Have this mind among yourselves, which is yours in Christ Jesus, who, though he was in the form of God, did not count equality with God a thing to be grasped, but emptied himself, by taking the form of a servant, being born in the likeness of men. And being found in human form, he humbled himself by becoming obedient to the point of death, even death on a cross. Therefore God has highly exalted him and bestowed on him the name that is above every name, so that at the name of Jesus every knee should bow, in heaven and on earth and under the earth, and every tongue confess that Jesus Christ is Lord, to the glory of God the Father. (Phil. 2:5–11)
Many religions throughout history have acknowledged the value of humility. None has dared speak of a humble God. The reason is simple: the notion of humility applied to deity is seen as a category mistake. So the claim that the biblical God—not a member of a pantheon, not an option on a menu of deities, but the one Creator of all—that he would stoop to serve his creatures, all the way down to a torturous cross, is not just startling. It’s scandalous.
Many religions acknowledge the value of humility. None has dared speak of a humble God.
But that’s precisely what happened. This passage resounds with the news that even though God the Son had it all—the worship of angels, the infinite love of Father and Spirit—he still came from the splendor of heaven to the squalor of a stable. And on a lonely night in a little town called Bethlehem, he began a journey of obedience to his Father—a journey that would culminate 33 years later on a hill outside Jerusalem, where he suffered on a cross for rebels like us. And what compelled him? Indescribable love. Indeed, “greater love has no one than this, that someone lay down his life for his friends” (John 15:13). There is no better example of self-giving love than the One who left heaven when he could have stayed, and who stayed on the cross when he could have left.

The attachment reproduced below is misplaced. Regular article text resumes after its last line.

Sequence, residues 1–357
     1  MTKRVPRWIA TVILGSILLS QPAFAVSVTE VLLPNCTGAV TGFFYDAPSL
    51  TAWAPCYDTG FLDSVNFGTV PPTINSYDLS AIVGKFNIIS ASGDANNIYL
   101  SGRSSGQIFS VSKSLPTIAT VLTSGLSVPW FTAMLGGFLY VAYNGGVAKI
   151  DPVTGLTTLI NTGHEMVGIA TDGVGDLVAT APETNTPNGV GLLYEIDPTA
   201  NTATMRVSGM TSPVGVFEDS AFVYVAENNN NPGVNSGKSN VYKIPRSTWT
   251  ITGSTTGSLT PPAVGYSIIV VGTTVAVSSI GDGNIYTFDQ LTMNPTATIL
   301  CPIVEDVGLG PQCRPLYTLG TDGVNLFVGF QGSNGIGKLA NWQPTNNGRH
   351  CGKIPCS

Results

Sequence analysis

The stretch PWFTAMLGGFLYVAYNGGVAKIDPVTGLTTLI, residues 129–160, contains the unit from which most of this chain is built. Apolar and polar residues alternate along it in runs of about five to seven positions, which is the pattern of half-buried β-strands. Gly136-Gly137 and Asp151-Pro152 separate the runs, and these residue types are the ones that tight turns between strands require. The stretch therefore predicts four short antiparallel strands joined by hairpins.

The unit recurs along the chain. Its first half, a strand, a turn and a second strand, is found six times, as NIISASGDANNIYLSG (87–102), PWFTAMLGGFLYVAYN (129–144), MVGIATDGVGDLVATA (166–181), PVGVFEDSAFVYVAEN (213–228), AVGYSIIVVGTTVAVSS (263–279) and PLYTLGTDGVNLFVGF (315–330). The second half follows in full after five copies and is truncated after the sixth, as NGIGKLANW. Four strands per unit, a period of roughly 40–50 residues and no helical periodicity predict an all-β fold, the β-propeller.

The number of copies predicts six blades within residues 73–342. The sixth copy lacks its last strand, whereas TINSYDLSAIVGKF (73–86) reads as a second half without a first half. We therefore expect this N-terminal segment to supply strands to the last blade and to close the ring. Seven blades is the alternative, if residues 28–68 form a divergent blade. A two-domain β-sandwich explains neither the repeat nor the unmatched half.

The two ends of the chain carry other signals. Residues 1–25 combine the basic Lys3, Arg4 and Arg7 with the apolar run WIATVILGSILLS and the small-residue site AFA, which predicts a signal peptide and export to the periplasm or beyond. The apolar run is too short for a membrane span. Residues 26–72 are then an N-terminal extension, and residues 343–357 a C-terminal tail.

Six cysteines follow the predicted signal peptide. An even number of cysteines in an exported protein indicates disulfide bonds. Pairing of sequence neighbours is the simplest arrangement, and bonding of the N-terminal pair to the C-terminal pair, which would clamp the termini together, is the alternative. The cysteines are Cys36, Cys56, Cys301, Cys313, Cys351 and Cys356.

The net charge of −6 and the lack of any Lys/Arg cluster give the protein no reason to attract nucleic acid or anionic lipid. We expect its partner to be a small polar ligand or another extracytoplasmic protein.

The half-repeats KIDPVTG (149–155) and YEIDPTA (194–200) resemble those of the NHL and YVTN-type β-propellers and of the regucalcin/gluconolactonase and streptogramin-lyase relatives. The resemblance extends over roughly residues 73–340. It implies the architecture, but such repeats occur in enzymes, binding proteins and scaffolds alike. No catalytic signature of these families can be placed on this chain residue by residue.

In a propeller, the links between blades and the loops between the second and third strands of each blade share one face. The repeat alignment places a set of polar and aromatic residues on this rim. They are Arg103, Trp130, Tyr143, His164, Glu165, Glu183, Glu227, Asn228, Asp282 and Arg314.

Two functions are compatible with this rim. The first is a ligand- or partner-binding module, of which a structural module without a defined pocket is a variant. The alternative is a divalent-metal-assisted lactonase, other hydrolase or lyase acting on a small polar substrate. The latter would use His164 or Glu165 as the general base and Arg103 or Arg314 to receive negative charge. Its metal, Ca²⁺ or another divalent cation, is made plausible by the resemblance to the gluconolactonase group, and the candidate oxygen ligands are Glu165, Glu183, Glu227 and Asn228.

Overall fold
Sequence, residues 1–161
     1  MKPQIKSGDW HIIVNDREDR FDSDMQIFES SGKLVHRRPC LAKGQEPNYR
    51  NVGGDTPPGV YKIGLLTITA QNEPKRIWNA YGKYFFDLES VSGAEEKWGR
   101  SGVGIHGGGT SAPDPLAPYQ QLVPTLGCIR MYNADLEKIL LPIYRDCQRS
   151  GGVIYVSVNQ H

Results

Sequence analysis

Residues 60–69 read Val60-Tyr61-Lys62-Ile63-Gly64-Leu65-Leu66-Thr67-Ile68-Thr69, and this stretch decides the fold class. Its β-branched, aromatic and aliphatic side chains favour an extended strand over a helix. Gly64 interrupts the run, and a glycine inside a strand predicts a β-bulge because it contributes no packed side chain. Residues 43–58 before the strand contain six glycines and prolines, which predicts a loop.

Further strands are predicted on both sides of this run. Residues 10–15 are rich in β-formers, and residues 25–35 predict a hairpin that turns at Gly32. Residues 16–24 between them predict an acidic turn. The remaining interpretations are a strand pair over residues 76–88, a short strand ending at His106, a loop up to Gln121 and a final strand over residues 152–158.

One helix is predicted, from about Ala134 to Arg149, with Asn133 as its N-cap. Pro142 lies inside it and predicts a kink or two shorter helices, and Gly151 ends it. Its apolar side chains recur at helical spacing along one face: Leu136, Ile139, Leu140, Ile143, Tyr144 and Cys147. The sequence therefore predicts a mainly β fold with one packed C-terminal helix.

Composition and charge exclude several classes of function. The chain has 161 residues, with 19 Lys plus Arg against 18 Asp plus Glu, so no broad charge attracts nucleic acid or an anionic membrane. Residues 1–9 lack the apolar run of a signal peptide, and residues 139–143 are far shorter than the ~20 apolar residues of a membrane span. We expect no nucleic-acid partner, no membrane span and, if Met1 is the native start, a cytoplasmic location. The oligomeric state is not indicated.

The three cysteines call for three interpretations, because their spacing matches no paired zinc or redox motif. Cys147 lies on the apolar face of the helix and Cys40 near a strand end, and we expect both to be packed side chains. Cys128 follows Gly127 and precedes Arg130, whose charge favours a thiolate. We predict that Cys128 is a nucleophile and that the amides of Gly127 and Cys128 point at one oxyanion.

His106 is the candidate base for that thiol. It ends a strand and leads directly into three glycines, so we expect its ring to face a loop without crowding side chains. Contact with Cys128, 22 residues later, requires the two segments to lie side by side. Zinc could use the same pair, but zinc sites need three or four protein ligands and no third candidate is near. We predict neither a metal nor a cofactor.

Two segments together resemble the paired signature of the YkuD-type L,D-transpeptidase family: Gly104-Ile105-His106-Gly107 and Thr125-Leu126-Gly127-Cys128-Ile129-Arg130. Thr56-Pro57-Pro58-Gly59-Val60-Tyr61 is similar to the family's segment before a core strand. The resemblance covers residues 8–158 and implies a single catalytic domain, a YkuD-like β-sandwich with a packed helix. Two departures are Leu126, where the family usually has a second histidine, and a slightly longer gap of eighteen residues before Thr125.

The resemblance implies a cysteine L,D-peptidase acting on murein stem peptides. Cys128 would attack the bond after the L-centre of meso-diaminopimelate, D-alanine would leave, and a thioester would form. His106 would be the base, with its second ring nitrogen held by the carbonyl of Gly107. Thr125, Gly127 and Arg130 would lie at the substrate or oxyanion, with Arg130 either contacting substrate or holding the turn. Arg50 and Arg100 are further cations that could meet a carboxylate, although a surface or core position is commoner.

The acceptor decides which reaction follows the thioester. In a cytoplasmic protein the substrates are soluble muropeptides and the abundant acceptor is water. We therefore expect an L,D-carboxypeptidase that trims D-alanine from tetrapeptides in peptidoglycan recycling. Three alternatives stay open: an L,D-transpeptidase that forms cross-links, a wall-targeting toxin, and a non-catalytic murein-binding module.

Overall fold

But Christ’s humiliation is not the end of the story. In Philippians 2:9, Paul broadcasts the reward: “Therefore God has highly exalted him.” This phrase is shorthand for the whole complex of events—resurrection, ascension, coronation, heavenly reign—subsequent to his sin-bearing death.
There’s no better example of self-giving love than the One who left heaven when he could have stayed, and who stayed on the cross when he could have left.
And one day soon, everybody in the universe will bow before this King of glory. There are only two options: you can either bow to him now as Savior, or bow to him later as Judge. But every knee, including yours, will bow.
Friend, do not let another Christmas go by without staring—really staring—at the depths to which your Savior plunged himself in order to raise you up and seat you with him in the heavenly places (Eph. 2:6).
This passage doesn’t just move us to marvel at Jesus’s one-way love—it also calls us to cultivate his mindset (v. 5). Before this year is over, who is someone in your life you could stoop to serve? How and when could you do it? Few things will better spark encouragement, and perhaps gospel witness, than a deliberate act of self-giving love.
From the squalor of a borrowed stable,
By the Spirit and a virgin’s faith;
To the anguish and the shame of scandal,
Came the Savior of the human race.
— Stuart Townend, “Immanuel”
This meditation appears in The Weary World Rejoices: Daily Devotions for Advent edited by Melissa Kruger (TGC, Nov. 2021). Purchase through the TGC Bookstore or Amazon.